Establishment of Steering Committees (SC) was done under the purview of the RA to represent clusters for promoting R&D in each priority area. SCs consist of a core group of experts in the relevant field who will steer activities related to the assigned area to identify the niche areas, essential research gaps and priorities for further studies to promote economic returns through R&D investments.

     

    1. Call for Project Proposals for Special Research Grants (To address current high priority areas of the Country) and gap filling grants – done in August 2021

    Proposals were called for Special Research Grants, from identified experts, to address national priority needs, through commissioned research during the Pandemic. Request for submission of project proposals on priority areas as listed below was made under ‘limited competition funding opportunity announcement’ that was sent to 22 scientists and 07 former NSF grantees with promising results in product development(as evaluated by the Research Division) who required limited funding to elevate the level of output to enable commercialization.

    Priority areas for research:

      1. Serious environmental concerns, health hazards and environmental impacts emanating from the recent shipwreck, including issues related to public concerns on consumption of fish.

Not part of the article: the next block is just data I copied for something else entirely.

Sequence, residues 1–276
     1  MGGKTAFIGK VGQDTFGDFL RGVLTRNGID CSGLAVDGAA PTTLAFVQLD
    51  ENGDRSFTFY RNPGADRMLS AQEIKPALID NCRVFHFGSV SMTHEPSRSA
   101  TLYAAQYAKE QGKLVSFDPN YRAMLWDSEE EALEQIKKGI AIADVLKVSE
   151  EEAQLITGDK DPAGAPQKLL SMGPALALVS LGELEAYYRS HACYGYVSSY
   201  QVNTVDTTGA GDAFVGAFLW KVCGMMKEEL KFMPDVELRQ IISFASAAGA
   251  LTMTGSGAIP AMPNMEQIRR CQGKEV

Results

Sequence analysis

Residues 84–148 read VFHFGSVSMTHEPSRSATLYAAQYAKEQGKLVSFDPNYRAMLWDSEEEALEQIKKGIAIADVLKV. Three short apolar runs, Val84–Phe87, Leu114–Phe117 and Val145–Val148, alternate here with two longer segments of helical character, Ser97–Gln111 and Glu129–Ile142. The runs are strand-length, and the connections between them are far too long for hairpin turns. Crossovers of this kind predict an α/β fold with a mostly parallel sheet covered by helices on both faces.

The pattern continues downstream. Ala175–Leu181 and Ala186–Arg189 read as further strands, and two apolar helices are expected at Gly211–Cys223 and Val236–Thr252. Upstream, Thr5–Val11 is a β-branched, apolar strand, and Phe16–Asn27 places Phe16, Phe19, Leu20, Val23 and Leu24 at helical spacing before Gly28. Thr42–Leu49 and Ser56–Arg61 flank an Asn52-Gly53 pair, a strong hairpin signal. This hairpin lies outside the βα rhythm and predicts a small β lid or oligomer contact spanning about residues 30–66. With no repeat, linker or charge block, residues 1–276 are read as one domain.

2. Food safety: Contamination of food commodities with aflatoxin, heavy metals, pesticide residues etc.
      3. Green energy: energy sources and storage
        1. Development of cost-efficient green energy sources for generating energy
        2. Development of energy storage devices (batteries/ super capacitors)
      4. Ayurveda : research aimed at boosting immunity using herbal products and plantmaterial that act against bacterial and viral diseases including COVID-19
      5. Organic Agriculture: Research aimed at developing insect repellents to reduce pesticide usage in agriculture;use of Organic manure
      6. Post-harvest losses: Development of cost-effective storage facilities for fruits and vegetables (i.e., Geo-cooling systems) for reducing post-harvest losses